There are many factors that can be precursors to porn addiction, such as a predisposition to impulsivity, emotional dysregulation, high levels of testosterone, childhood environmental factors such as abuse or exposure to sexual content, mental health conditions such as anxiety, depression or personality disorders, rejection in relationships, social isolation, and peer influence.
When we look at these factors more closely we can see that they are underpinned by a basic lack of connection and a lack of intimacy. Not everyone with high testosterone is compelled to watch porn. If we choose to live in a way where we are shut down to others in an attempt to prevent ourselves from getting hurt, to avoid rejection, we just end up feeling isolated and alone. But by allowing ourselves to be open and choosing to let others in we feel a closeness, a connection, a feeling of being met, something many it seems, avoid doing. Could this be what we are actually craving when we view porn?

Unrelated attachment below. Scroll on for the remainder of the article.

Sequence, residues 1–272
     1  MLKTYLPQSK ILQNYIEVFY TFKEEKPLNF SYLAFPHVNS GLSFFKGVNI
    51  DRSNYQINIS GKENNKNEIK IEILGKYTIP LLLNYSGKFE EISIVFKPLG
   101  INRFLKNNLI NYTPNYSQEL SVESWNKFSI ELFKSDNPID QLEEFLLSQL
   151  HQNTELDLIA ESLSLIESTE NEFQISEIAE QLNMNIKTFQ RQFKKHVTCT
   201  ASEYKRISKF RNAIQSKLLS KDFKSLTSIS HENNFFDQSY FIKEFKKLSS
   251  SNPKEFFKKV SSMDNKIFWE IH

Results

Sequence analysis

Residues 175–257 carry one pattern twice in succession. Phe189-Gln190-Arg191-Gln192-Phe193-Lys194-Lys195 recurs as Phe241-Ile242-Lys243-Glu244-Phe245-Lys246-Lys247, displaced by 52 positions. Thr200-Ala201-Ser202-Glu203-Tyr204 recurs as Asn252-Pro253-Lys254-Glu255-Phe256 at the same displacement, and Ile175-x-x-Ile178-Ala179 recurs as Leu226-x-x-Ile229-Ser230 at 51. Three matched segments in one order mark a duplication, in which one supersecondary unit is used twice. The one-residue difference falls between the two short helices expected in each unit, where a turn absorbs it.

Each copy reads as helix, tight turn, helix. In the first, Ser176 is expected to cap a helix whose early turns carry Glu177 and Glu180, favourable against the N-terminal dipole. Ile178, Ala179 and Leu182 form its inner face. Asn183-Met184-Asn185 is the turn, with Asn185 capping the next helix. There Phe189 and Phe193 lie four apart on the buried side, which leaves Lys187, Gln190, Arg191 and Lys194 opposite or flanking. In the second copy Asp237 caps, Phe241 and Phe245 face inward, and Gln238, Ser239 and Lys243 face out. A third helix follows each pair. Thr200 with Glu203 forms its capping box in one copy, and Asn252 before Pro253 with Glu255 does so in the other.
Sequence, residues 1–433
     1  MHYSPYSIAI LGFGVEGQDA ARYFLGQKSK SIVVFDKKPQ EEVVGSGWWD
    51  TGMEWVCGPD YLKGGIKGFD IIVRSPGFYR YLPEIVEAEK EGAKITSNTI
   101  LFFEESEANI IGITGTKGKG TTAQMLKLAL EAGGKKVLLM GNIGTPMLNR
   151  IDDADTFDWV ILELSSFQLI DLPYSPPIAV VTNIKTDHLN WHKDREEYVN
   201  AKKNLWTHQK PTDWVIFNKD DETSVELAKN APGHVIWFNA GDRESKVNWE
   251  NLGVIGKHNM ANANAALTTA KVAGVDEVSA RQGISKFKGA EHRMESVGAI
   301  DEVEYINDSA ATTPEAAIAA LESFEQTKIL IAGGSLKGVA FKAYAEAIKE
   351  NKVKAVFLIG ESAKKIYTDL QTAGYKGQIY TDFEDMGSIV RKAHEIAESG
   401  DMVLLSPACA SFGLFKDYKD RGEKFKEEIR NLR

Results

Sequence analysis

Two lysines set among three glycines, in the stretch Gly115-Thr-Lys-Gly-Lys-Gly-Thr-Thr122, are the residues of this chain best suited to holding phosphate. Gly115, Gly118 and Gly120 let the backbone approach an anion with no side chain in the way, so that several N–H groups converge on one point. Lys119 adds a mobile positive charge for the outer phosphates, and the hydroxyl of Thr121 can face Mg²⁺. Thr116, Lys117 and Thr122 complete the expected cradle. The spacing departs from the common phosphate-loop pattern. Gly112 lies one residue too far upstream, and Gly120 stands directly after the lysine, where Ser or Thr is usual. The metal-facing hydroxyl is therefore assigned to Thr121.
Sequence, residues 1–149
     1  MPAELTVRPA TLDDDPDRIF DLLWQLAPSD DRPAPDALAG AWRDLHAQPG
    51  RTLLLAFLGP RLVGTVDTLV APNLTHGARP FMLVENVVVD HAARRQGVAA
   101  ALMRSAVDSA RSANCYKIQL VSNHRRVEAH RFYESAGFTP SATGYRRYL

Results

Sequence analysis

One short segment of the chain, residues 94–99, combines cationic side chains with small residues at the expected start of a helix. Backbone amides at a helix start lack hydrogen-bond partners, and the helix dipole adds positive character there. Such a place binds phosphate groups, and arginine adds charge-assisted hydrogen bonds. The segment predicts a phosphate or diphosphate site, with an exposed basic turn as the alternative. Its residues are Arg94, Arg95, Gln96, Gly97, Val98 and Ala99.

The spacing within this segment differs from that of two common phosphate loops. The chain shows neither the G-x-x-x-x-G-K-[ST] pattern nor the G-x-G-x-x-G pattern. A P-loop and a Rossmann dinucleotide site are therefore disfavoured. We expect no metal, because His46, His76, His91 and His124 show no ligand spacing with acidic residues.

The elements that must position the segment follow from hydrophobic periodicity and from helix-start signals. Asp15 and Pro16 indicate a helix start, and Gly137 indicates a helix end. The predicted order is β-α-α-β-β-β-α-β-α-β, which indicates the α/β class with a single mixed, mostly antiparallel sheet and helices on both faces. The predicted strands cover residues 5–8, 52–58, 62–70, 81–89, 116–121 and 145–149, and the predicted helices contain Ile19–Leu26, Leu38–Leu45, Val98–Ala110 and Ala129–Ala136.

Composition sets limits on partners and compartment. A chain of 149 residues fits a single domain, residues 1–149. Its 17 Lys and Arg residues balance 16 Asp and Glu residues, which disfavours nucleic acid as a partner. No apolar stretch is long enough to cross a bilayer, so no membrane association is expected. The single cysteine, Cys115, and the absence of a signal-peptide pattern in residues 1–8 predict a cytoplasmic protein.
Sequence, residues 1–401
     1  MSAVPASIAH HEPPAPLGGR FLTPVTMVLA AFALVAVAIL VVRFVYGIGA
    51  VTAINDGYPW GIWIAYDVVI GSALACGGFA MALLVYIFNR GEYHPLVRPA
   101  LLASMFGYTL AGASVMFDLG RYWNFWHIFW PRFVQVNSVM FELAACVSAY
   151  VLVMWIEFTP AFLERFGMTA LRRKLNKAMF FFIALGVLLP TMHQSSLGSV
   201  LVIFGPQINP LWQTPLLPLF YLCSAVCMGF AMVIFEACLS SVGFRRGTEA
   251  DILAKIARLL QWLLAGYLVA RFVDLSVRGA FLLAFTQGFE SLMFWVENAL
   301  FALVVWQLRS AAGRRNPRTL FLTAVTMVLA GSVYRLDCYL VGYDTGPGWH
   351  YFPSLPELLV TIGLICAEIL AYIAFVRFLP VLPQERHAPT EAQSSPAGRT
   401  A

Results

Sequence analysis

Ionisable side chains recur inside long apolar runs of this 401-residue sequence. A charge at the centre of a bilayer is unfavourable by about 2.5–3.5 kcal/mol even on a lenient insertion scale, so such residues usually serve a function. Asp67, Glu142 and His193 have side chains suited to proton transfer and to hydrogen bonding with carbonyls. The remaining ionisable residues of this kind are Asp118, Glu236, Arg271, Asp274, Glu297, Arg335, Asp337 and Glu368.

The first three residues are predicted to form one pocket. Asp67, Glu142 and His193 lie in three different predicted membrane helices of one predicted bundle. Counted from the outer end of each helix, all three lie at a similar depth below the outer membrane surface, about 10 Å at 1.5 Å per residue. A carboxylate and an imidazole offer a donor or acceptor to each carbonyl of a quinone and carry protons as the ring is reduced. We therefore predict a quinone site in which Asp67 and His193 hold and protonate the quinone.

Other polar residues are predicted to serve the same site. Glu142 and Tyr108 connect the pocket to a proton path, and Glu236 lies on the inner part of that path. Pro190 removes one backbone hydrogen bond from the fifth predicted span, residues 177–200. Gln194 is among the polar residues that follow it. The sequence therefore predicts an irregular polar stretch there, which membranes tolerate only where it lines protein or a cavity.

Watching porn it is usually done in private, we feel safe and protected, we do not have to open up to others and risk rejection, we can have our needs (intimacy and connection) met in a pseudo kind of way, but in truth are we not just medicating the unmet need?
When a person watches porn it floods the brain with the feel good chemical dopamine, the same chemical that is released when taking drugs. When these ‘surges’ are repeated the brain becomes desensitised and requires more and more extreme type images to get the same rush. Regular sex becomes boring. This widespread problem is now creating a demand for more and more extreme, hard core porn that producers are quick to supply – our behaviour is creating the demand.
* Newsflash * – Watching Porn shrinks your Brain!
In a 2011 a study was done by German researchers that found the area of the brain called the striatum, that is linked with the reward and motivation response, actually shrank in size the more porn a person watched.
What to do if your partner is addicted to Porn